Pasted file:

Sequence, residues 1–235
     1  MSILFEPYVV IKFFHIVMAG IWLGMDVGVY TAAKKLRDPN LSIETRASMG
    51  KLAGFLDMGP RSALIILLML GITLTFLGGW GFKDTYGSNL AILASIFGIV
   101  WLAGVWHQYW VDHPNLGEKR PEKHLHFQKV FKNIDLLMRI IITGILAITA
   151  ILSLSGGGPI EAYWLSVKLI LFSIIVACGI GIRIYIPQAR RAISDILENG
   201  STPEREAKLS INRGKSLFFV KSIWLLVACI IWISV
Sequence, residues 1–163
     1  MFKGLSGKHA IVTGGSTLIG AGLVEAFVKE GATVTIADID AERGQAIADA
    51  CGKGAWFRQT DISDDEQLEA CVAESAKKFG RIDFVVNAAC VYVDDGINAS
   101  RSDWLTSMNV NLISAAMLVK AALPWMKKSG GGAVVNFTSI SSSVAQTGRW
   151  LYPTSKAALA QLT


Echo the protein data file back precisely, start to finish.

Sequence, residues 1–235
     1  MSILFEPYVV IKFFHIVMAG IWLGMDVGVY TAAKKLRDPN LSIETRASMG
    51  KLAGFLDMGP RSALIILLML GITLTFLGGW GFKDTYGSNL AILASIFGIV
   101  WLAGVWHQYW VDHPNLGEKR PEKHLHFQKV FKNIDLLMRI IITGILAITA
   151  ILSLSGGGPI EAYWLSVKLI LFSIIVACGI GIRIYIPQAR RAISDILENG
   201  STPEREAKLS INRGKSLFFV KSIWLLVACI IWISV
Sequence, residues 1–163
     1  MFKGLSGKHA IVTGGSTLIG AGLVEAFVKE GATVTIADID AERGQAIADA
    51  CGKGAWFRQT DISDDEQLEA CVAESAKKFG RIDFVVNAAC VYVDDGINAS
   101  RSDWLTSMNV NLISAAMLVK AALPWMKKSG GGAVVNFTSI SSSVAQTGRW
   151  LYPTSKAALA QLT